Situated Knowledges Essay.
The field of social psychology focuses on the thoughts behaviors and feelings of human beings and how others influence them. Situated knowledge thus becomes imperative for critical evaluation. Situated knowledge refers to the embedded knowledge which is affected by history, values and the language of the person who is acquiring the knowledge of it. The term coined by social constructionists where the perspectives which draw on the concept that it is possible to gain universal knowledge was emphasized. In situated knowledge there is an implication that cultural, social and historical factors have the ability to constrain the process of constructing knowledge. It is a theme that is interrogative in nature that is used in the analysis of social psychology knowledge by focusing on its history and context(Cartwright, 1979). It highlights the relationships that are reciprocal between the social world and researchers they investigate. One of the complementary dynamics which reshapes and contributes to the reality of the people who are under investigation is referred to as power relations. Critically evaluating the effects that the power relations produce regarding a particular context, may, in turn, lead to the growth of judgment concerning how right or wrong it may be and for whom that is through providing a clearer understanding of the social interaction. Situated knowledge also helps to develop a comprehensive skepticism concerning certainty in social psychology as well as purported facts.
The history of social psychology is situated in the local contexts, places and times in which those who research live and work. The product, which is the knowledge it produces, is evaluated and best understood when it is measured against the context in which it was acquired from and which it endeavors to explain which limits the ease at which the knowledge from social psychology can be transferred to other given contexts (Cartwright, 1979). The history of social psychology draws back to more than a hundred years in Europe and the United States of America. It has produced many changed to its methods, theories, topics of investigation ever since. An example is an experimental approach which dominated research until the mid-ninety were when the process was criticized for overlooking the individual’s ability and capacity to act. Social psychology then became characterized dualistically that is people were viewed as possessing agency and determined by social structures which they reside in. An example is how cognitive, social psychology defines people as individuals who process information and exist separately from the social context they are in while discursive psychology describes people as being intertwined with their environments. Both given perspectives investigate the same thing which is language using different methods but produce knowledge which is both contrasting and complimentary. Lacking awareness of situated knowledge when carrying out research leads to individual overlooking contextual information that is critical.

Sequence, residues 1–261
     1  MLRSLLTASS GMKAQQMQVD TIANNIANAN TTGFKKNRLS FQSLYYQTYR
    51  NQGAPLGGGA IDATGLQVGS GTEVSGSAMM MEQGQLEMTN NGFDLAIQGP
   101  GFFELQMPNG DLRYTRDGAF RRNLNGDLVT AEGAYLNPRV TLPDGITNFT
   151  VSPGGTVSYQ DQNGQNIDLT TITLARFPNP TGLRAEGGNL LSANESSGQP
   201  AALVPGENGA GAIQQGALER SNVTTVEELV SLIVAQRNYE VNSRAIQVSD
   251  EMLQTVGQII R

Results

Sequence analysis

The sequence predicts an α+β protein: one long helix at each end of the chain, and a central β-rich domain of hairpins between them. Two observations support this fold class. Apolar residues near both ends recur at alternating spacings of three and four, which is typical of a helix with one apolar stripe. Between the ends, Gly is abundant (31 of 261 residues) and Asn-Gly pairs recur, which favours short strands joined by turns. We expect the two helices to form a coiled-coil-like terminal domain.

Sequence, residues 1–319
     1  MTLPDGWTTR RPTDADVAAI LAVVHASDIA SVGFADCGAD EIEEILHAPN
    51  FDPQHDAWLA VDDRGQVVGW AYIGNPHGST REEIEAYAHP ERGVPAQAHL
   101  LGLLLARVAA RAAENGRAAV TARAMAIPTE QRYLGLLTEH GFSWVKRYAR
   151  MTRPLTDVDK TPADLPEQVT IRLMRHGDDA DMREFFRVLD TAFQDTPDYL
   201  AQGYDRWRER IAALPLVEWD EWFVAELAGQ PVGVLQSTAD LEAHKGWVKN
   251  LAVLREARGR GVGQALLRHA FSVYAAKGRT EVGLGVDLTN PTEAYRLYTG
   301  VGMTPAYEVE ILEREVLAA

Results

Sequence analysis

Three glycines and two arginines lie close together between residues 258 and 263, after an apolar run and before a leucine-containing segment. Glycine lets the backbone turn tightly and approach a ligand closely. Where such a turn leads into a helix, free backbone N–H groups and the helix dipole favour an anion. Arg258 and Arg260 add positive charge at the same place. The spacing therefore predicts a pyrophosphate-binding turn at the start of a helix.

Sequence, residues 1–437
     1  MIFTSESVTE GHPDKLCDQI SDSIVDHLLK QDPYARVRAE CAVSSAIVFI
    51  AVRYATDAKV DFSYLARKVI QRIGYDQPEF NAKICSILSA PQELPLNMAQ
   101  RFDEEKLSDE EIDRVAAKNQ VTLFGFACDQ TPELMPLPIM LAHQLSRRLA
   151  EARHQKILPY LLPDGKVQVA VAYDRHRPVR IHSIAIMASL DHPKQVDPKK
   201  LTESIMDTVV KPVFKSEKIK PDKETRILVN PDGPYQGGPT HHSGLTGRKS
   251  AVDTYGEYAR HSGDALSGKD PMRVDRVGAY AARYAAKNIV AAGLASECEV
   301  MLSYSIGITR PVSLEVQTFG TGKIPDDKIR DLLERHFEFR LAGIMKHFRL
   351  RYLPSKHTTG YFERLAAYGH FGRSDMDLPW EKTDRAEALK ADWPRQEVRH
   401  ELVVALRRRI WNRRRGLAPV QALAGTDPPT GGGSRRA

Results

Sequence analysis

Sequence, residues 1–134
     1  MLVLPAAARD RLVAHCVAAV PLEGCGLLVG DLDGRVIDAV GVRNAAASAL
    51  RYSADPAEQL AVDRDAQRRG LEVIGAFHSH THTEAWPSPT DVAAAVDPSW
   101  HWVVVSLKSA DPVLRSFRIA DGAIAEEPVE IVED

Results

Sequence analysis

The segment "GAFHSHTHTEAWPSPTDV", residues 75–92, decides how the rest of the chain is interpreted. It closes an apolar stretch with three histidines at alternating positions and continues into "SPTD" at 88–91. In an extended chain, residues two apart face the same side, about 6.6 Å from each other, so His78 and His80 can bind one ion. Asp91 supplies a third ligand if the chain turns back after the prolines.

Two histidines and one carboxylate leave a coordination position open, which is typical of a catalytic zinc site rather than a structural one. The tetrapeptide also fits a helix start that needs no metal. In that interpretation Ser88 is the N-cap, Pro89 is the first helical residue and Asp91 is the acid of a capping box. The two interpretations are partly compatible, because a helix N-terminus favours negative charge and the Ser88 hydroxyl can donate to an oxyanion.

Gaining an understanding in how the knowledge of social psychology is established in its context and history provides a leeway of evaluating its research in a critical way. It’s a tool which is used in the interpretation of certainty and facts that are purported. Reciprocal dynamism which is Motzkau’s concept provides a solid and significant tool which makes it possible to evaluate social psychology’s ‘situatedness’. It highlights the vitality that exists between researches and the world which they carry out investigations(Fitch, 2001).
Motzkaus concept shows how research questions even those which are used in social psychology as a whole are influenced by historical, political and psychological concepts. An example is the title of the classic paper of Zimbardo, which lays emphasis on the negative consequences that crowds have giving a suggestion that they are always wrong and irrational. Given this example, it is clearly seen how data that is presented by researchers who are pre-eminent could be broadly accepted and highly convincing. The findings could inform the behavior of the people being researched and the researchers. Years later many historians and theorists of social movements show how crowds do as a matter of fact play a crucial role in creating real processes of social change for example through civil rights protests. Which thus reveals aspects that could have been overlooked priorly such as how crowds can have positive pro-social effects that are productive? The example is a clear illustration of how reciprocal dynamism contributes and continuously shapes the realities of those being researched and researchers. As Motzkau suggests creating power relations is always present whenever knowledge is produced, taken up and generated. A better understanding of social interaction may be achieved by considering the effects that power relations create given a particular context. The benefits may be better education policies and preventing insights from being overgeneralized as universal. Accepted knowledge and the resultant effects may also be challenged or evaluated as a result of understanding power relations(Fitch, 2001). Oppressive effects of certain knowledge and the effects which reinforce history and contextually situated stereotypes, as well as political agendas which are nor beneficial for the nation, may also be overcome. A critical stance being adopted can be helpful in evaluating social psychology knowledge through the development of skepticism which is productive concerning certainty and facts which are purported.